Groups Aim to Save Planting Season in Drought-Affected Ethiopia

Groups Aim to Save Planting Season in Drought-Affected Ethiopia


As a critical planting season approaches in Ethiopia, government and nonprofit agencies are rushing to implement measures to ensure that recent severe weather conditions don’t continue to impede harvests. Seasonal flooding followed by a long drought, which experts say is the result of climate change, have led to famine in much of the country.

International aid has already poured in for months as news of the drought has spread. The Tigray region in northern Ethiopia, where a majority of residents depend on agriculture for survival, has received food aid and other support from organizations such as A Glimmer of Hope and the Tigray Development Association. Now, groups are providing potentially life-saving agricultural assistance in hopes of saving the planting season.

Here are the latest developments in the efforts to mitigate the effects of Ethiopia’s drought:

Increasing irrigation

Farmers across Ethiopia have begun small-scale irrigations efforts to help crops survive as they wait for rain. irrigationAccording to Ethiopia’s Ministry of Farming and Natural Resources, Ethiopia irrigated more than 2.6 million hectares in the last fiscal year, and it now has plans to irrigate up to 5 million hectares.

Officials want every farmer to have an alternative water source as part of a plan to double their crops. Increasing production would help to ensure food security for Ethiopians now and in the future.

First, farmers and agriculture officials must overcome significant obstacles from the last growing season that include the underuse of fertilizer on farmland that was irrigated, broken water pumps, and a lack of market access for farmers who were irrigating their crops.

Relief for older Ethiopians

The drought has particularly impacted older Ethiopians men and women, many of whom were already living in poverty. With markets poorly stocked and damaged crops that are not providing income, they have been forced to travel long distances to find firewood, water, and food. Younger members of their communities, who are facing their own difficulties, have not been as willing or able to help older Ethiopians.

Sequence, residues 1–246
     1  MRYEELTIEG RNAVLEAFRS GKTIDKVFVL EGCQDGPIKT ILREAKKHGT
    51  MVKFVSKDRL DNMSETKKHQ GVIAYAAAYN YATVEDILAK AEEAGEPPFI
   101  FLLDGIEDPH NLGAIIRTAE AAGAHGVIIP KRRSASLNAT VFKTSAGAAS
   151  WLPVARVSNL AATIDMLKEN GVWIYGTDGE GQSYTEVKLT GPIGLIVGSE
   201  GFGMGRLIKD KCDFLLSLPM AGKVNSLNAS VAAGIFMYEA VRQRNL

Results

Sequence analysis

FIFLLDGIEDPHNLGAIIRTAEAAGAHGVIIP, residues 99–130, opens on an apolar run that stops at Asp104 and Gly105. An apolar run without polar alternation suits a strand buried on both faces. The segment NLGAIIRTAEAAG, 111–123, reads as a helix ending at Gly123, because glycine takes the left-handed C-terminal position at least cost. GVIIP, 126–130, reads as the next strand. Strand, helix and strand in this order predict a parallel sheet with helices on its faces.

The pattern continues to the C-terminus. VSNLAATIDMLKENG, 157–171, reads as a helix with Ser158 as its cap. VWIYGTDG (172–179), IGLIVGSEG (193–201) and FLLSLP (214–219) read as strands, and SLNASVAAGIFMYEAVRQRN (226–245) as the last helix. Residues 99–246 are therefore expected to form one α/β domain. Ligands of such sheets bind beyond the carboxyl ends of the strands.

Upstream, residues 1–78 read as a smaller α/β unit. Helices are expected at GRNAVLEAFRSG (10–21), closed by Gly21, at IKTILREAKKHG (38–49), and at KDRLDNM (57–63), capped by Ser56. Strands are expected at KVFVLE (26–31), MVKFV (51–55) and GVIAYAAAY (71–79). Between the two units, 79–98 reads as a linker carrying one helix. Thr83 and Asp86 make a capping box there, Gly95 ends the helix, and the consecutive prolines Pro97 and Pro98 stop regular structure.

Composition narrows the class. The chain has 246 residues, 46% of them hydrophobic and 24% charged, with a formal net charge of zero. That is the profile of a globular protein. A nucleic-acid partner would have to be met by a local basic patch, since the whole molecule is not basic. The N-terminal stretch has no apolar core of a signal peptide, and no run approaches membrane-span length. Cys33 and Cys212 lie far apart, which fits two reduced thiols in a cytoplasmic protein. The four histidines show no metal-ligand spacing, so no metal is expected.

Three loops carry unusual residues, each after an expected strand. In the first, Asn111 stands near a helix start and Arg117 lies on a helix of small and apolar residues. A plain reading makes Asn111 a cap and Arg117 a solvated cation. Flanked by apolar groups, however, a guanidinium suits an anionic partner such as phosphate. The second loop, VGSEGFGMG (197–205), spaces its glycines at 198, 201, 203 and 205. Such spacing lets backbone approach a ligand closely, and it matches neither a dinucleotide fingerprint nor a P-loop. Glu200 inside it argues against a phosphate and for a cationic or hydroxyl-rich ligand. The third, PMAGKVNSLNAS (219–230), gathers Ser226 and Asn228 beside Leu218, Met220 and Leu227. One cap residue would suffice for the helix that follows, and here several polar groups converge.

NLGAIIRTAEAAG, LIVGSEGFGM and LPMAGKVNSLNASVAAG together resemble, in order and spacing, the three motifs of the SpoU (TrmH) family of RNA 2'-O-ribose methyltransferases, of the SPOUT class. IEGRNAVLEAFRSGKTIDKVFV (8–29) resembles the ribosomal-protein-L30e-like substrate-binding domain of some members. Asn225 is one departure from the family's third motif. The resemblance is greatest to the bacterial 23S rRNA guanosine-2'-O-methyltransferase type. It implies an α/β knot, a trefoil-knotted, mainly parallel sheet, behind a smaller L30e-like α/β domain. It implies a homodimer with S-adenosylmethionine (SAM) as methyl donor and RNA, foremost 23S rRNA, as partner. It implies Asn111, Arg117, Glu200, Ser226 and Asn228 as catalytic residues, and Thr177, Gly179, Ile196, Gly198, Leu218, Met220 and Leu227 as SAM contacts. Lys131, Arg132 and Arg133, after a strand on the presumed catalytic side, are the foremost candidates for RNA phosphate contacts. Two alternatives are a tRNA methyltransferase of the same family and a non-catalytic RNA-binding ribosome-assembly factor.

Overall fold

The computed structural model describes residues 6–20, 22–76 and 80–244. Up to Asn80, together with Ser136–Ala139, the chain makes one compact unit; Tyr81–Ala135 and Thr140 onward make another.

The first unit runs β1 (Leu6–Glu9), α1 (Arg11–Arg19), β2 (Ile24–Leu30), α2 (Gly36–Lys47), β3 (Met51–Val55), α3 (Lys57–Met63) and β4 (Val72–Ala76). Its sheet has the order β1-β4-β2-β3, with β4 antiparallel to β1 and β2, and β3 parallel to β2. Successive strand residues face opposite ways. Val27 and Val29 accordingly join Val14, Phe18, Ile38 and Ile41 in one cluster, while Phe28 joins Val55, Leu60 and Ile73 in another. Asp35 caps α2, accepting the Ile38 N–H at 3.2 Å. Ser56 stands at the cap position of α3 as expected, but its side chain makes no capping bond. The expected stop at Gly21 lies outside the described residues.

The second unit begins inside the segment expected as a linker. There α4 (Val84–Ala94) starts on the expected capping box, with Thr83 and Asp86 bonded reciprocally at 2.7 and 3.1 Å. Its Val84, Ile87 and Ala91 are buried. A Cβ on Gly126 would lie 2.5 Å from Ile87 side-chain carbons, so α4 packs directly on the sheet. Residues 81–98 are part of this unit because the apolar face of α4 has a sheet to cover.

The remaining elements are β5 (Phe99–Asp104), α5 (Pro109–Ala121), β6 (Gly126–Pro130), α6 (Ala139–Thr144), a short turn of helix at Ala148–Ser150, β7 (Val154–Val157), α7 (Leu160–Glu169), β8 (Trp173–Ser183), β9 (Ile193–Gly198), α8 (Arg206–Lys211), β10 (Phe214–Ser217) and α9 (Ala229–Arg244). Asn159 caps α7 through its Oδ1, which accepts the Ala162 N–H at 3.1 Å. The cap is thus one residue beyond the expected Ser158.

Due to funding from the United Nations Office for the Coordination of Humanitarian Affairs, the nonprofit group HelpAge International is assisting 17,000 Ethiopian households by providing goats, sheep, farming tools, and seeds so that they can develop a livelihood.

HelpAge is also giving food rations to older men and women, fixing failed water sources, and teaching Ethiopians about the importance of hygiene and water purification.

Protecting the planting season

Officials warn that La Niña, the counterpart of El Niño that brings cool water into the Pacific Ocean, could herald more flooding from October onward. In a recent press release, the UN Food and Agricultural Organization warned floodingthat worsening floods could lead to disease in plants and livestock. Amadou Allahoury, a UN representative in Ethiopia, called the situation “critical.”

Planting for the important “meher” rainy season should occur in September and October, and UN officials want to ensure that farmers get seeds in the ground. The fall meher season produces about 85 percent of the country’s food supply, and a successful planting season in 2016 could mean that millions of Ethiopians would not require food assistance in the following year.

The UN already has provided assistance to 127,000 households in the Amhara, Afar, Oromia, Tigray, Somali, and SNNP regions. Almost 37,000 metric tons of seed and 6 million potato cuttings have been handed out, and more will be distributed this month. Families that own livestock have been provided with feed, fodder seed for pastures, and repaired watering areas. The UN has supported the government by vaccinating more than 1 million animals, although many remain weakened by the drought.

More international aid

In August, the United States announced that it was providing Ethiopia with $35 million in humanitarian aid, adding to the more than $750 million it has provided since the drought began in 2015. The money will be used by USAID, the UN, and NGO partners in part to distribute more than 6,000 metric tons of therapeutic and supplementary food. It will be used to increase access to safe water facilities, as many Ethiopians spend hours each day traveling to clean water sources—if they are even available.

While the aid will bring short-term relief, it is also designed to protect the long-term interests of Ethiopian’s food supply and to help make the country more food secure and resilient against future droughts and flooding. USAID and its partners will assist farmers and will also train health workers, improve the channels that get critical supplies to people in need, and develop programs that deal with gender-based violence in areas affected by drought.

Prior to the drought, the Ethiopian government and outside partners had made successful efforts to strengthen the country through education, improvements in children’s health, and better nutrition nationwide. Officials worry that the drought could create major setbacks, and they hope that intensive aid efforts will preserve some of the country’s progress.